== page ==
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Colloquium: Experimental realization of strongly correlated electron systems in the ultraclean limit

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Roman Engel-Herbert, The Pennsylvania State University
When
12 January 2017 from 3:45 PM to 5:00 PM
Where
117 Osmond Laboratory
Contact Name
Moses Chan
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The novel properties of strongly correlated electron systems are driven by a sizable Coulombic repulsion between electrons. They entail a range of fascinating phenomena that are beyond the description of a free electron gas. Examples include macroscopic quantum states like superconductivity, or electronic phase transitions between metastable states with dramatically different electronic properties (e.g. metal-to-insulator transitions). These properties render them very attractive for fundamental studies as well as for applications. An important material class in this context are the transition metal oxides whose electronic and optical properties are dominated by a partially filled narrow d band with high carrier effective masses and high carrier concentration. Studying these materials in low dimensional thin films is important both for the exploration of correlated electron systems in the ultraclean limit and for their utilization in electronic and photonic devices. While the structural perfection of conventionally synthesized films is high, evidenced by atomically abrupt interfaces, well defined heterostructures, and the demonstration of artificially layered oxide compounds, the level of perfection needed to minimize unintentional extrinsic defect concentration to approach an ‘electronically clean’ material has been found extremely challenging.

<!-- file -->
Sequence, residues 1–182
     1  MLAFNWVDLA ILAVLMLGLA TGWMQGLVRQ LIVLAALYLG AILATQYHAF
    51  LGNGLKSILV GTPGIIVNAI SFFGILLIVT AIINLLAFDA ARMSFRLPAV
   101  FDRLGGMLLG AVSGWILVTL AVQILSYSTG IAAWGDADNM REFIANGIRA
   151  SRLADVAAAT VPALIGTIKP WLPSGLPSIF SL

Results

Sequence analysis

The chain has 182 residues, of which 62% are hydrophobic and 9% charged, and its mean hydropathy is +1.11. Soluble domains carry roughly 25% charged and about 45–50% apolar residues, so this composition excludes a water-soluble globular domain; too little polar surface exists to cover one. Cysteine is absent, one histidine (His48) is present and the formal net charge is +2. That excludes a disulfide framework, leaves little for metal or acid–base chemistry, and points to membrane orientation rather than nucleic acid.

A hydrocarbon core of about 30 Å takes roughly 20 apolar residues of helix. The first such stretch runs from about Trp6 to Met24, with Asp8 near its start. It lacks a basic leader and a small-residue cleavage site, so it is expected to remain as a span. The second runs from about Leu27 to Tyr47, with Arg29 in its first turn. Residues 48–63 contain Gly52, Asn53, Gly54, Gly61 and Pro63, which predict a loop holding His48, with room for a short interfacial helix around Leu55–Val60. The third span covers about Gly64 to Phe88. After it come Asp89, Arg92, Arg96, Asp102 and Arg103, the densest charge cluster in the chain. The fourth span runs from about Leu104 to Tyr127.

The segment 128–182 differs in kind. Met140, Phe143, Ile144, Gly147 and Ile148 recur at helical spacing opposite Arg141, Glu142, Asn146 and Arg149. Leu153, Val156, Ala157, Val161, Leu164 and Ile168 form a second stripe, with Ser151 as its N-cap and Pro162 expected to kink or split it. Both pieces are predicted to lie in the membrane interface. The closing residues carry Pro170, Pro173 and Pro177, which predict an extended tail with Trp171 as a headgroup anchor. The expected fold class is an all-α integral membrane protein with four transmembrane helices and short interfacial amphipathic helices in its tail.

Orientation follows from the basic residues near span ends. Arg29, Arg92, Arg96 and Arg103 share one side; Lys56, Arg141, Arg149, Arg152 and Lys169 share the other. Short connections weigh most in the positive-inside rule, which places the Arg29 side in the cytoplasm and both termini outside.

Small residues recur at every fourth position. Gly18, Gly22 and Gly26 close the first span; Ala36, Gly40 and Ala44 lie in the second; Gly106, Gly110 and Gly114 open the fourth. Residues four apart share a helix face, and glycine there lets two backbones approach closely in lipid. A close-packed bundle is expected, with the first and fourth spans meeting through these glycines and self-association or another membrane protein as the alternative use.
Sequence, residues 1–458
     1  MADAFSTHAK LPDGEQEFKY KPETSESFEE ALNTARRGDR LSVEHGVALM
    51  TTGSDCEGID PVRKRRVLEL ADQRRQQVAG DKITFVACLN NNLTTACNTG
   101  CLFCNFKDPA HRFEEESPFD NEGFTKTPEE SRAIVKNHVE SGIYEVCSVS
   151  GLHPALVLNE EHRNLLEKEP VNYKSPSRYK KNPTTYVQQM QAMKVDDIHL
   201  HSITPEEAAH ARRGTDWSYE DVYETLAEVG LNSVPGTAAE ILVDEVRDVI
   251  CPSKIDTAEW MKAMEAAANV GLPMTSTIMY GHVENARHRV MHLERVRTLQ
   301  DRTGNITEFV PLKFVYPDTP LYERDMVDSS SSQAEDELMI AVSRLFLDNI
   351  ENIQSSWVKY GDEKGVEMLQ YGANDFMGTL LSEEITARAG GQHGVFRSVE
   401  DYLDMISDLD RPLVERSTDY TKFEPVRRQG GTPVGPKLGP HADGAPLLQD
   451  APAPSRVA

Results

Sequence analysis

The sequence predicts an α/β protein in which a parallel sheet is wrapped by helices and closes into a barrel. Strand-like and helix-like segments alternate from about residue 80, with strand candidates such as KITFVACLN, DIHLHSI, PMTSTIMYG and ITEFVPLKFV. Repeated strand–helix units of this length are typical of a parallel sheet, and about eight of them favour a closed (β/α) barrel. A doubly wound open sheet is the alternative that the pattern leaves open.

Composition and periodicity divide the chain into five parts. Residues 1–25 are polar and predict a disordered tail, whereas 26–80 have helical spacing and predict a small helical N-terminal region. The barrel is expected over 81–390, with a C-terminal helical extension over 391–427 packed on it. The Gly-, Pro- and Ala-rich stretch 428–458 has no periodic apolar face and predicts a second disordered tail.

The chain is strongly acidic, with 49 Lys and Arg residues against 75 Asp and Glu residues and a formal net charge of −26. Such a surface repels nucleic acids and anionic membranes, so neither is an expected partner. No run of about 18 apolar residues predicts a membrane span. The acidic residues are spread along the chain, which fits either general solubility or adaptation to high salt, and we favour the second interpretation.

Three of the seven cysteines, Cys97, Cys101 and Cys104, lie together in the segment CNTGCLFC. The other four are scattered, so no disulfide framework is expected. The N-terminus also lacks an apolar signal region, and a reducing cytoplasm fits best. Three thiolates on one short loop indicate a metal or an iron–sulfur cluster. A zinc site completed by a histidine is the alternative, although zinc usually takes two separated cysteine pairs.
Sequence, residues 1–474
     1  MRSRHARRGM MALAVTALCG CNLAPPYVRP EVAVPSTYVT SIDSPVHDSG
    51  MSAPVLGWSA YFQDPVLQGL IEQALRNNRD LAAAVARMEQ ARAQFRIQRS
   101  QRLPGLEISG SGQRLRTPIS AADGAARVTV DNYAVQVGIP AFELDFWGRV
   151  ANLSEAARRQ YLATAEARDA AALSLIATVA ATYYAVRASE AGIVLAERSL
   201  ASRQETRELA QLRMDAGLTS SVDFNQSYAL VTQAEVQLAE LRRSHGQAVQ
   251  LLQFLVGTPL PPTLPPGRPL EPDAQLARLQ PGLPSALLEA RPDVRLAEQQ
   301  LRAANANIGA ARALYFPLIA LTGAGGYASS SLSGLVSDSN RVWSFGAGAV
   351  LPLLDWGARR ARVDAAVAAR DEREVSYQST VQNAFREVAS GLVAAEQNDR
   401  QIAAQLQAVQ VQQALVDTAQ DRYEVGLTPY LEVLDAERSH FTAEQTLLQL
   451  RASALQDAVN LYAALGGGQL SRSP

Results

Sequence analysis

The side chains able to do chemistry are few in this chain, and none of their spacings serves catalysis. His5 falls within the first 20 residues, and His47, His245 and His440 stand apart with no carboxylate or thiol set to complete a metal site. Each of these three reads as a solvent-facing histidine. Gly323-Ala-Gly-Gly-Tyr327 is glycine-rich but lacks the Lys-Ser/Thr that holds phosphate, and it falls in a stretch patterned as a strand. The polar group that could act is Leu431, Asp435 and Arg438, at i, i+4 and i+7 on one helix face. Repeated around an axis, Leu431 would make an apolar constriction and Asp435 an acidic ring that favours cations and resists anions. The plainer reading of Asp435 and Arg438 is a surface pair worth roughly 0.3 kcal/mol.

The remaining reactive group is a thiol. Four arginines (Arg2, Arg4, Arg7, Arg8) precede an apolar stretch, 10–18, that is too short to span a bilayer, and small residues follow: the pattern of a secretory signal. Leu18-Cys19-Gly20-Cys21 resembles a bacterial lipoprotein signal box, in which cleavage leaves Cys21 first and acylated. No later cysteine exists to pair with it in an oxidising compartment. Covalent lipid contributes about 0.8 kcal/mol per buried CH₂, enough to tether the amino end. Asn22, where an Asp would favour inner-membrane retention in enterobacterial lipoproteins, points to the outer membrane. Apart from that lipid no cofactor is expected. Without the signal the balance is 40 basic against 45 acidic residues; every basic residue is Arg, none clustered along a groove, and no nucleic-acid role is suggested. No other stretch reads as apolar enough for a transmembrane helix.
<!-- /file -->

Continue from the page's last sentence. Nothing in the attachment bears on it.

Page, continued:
In this talk, I will show how the application of an epitaxial thin film synthesis technique, dubbed hybrid molecular beam epitaxy (MBE), overcomes the conventional challenges for the growth of transition metal oxide films [1]. We combine conventional MBE and chemical beam epitaxy (CBE) for the growth of SrVO3 and LaVO3, a correlated metal and a Mott insulator with perovskite structure. By tuning the composition between the two end members in the solid solution La1-xSrxVO3 , we find a temperature-phase diagram similar to that of the well-studied cuprate system, only providing access to the quantum critical point in La1-xSrxVO3 in the ultraclean limit. The synthesis of these films also allows us to exploit correlated metals as transparent conductors [2]. The strong electron interaction leads to a large, renormalized carrier effective mass, thus striking a new balance between the mutually exclusive demands of a high electrical conductivity with metal-like carrier concentration and high optical transparency in the visible range. These novel transparent conductors have a figure of merit comparable to the industry standard, tin-doped indium oxide, but at much thinner film thicknesses, and could thus provide a very cost effective solution of technological relevance.

1. H.-T. Zhang et al., Nature Communications 6, 8475 (2015).

2. L. Zhang et al., Nature Materials 15, 204 (2016). 

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